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Unfinished business:
Key priorities to address before the end of the year

Federal action on COVID-19 relief and healthcare priorities can’t wait until 2021.

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As the dust settles on a contentious election, policy analysts are quickly pivoting to how the results will affect healthcare in the coming year.

But 2020 is not over and Congress must act during the lame duck session. We are still in the midst of a devastating pandemic. The needs of healthcare providers – and those of state and local governments – are urgent.

It’s hard to believe the last COVID-19 relief package, the Coronavirus Aid, Relief, and Economic Security Act, or CARES Act, was passed on March 27. Since then, the need for aid has only increased. Despite great support from our state delegation, including Senate Minority Leader Chuck Schumer, congressional gridlock has kept a COVID-19 package from moving forward. In the meantime, the pandemic has continued to wreak havoc – worsening the situation for our healthcare providers, and New York as a whole.

Outside of COVID-19 relief, federal policymakers will also have to pass a spending package by Dec. 11 to avoid a government shutdown. Congress should also address key healthcare priorities to strengthen our hospitals and health systems in this package.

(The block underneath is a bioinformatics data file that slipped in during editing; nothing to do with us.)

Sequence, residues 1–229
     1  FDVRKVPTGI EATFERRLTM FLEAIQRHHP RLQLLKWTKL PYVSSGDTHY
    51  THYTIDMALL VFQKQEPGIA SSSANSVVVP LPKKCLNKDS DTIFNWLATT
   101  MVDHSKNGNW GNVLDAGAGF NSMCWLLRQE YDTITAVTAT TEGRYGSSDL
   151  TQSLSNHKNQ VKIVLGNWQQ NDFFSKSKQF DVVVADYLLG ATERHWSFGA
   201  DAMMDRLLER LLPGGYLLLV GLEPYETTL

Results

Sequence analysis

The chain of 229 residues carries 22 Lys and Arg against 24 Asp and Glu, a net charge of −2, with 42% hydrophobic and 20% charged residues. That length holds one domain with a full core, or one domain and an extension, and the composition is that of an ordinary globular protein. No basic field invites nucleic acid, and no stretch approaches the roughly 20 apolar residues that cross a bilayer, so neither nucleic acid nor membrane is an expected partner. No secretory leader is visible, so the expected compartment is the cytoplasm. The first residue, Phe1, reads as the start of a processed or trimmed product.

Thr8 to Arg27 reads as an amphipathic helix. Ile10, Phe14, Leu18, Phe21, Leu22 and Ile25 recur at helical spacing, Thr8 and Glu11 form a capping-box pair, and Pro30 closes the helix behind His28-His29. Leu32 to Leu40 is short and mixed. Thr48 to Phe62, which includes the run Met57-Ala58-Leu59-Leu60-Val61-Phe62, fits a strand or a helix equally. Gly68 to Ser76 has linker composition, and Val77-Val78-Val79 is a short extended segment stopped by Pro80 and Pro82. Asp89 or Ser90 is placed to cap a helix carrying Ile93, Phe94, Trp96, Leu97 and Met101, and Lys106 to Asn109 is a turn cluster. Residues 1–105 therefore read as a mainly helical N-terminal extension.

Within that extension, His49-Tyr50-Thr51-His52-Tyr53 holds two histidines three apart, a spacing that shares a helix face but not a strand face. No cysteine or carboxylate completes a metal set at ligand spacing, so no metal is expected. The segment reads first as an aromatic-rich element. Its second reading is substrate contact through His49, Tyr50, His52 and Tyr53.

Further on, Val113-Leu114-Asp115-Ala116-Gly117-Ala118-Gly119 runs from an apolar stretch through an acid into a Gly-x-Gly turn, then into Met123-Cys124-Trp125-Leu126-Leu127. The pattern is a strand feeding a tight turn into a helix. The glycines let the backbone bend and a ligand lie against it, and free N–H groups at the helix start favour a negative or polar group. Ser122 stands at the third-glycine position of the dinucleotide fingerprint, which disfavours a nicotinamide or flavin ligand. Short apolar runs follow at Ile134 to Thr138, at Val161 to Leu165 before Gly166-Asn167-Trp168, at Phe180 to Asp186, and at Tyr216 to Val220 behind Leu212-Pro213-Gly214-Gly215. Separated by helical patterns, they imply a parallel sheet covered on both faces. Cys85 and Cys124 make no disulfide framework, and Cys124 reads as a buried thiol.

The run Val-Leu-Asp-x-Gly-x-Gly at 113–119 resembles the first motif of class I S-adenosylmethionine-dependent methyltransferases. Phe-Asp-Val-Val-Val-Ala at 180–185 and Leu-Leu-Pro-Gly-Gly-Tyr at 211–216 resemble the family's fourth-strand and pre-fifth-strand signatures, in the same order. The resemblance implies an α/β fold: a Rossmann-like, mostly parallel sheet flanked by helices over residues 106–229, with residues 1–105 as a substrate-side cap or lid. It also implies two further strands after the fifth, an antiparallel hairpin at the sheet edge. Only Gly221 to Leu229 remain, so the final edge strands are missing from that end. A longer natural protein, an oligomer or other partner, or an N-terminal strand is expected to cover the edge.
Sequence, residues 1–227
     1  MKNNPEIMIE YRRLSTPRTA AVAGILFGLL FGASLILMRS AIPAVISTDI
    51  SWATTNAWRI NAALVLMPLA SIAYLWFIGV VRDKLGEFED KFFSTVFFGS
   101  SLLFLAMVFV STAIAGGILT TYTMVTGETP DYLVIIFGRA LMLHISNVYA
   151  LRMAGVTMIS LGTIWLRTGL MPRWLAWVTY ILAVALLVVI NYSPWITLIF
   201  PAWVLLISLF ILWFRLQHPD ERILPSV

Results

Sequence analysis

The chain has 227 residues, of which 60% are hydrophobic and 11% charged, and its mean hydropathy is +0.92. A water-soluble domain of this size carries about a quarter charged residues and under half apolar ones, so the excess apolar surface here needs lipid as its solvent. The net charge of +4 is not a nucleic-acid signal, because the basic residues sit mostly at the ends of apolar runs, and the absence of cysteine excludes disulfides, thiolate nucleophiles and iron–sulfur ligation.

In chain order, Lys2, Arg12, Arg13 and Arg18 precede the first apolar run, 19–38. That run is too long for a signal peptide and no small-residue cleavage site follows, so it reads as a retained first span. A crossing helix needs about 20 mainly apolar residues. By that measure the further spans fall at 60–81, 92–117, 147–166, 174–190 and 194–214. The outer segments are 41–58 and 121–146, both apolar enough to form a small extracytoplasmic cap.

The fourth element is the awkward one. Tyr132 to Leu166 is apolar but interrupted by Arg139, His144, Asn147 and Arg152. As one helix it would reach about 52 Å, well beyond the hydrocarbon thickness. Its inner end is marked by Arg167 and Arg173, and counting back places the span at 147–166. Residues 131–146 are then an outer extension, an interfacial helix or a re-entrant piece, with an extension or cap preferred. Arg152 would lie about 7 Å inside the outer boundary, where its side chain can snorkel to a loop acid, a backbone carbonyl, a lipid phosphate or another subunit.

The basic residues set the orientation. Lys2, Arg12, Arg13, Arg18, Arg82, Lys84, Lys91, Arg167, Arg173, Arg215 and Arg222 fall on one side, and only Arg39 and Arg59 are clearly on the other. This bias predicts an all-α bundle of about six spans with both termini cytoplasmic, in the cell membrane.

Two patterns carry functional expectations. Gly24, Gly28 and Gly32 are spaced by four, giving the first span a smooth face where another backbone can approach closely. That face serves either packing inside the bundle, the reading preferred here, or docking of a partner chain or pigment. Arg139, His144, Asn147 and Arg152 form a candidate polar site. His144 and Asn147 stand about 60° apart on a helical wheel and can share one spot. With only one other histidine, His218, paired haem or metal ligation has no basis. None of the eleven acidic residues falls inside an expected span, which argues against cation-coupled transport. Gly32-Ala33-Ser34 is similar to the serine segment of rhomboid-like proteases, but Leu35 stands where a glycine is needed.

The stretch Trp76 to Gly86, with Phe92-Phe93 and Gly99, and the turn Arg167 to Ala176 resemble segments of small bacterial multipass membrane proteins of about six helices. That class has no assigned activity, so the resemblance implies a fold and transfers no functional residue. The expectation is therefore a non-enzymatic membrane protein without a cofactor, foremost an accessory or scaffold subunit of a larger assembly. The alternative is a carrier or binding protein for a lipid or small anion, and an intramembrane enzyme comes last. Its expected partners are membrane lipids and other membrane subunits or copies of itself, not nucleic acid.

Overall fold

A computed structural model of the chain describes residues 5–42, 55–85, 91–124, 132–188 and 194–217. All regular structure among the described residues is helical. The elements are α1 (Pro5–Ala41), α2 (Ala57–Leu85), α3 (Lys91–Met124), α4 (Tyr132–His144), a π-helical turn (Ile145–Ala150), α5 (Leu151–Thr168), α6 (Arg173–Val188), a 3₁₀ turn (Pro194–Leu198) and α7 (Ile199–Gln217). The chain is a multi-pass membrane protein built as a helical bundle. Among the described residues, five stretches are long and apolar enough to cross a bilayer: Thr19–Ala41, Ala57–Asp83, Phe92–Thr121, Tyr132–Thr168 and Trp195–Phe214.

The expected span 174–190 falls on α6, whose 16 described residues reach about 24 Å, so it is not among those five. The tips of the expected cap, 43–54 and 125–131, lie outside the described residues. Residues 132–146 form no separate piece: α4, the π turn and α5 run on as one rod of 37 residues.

HANYS sent the New York congressional delegation a letter on Nov. 12, urging Congress to address our key outstanding federal priorities before the end of the year. These priorities include:

  • support for state and local governments – critical if we are to avoid steep cuts to New York’s state Medicaid program and our hospitals;
  • the elimination of harmful Medicaid Disproportionate Share Hospital cuts;
  • the provision of more federal aid for healthcare providers, including additional funding to assist hospitals, elimination of the Medicare sequestration cuts and allowing for full loan forgiveness under the Medicare Accelerated/Advance Payment Program;
  • provider liability protections;
  • support for our healthcare workforce; and
  • the expansion and preservation of telehealth gains.

We will never stop fighting for COVID-19 relief. New York’s hospitals and health systems remain hard at work caring for their communities and protecting their patients and healthcare workers during this unprecedented public health crisis.

The federal government must act to help them now.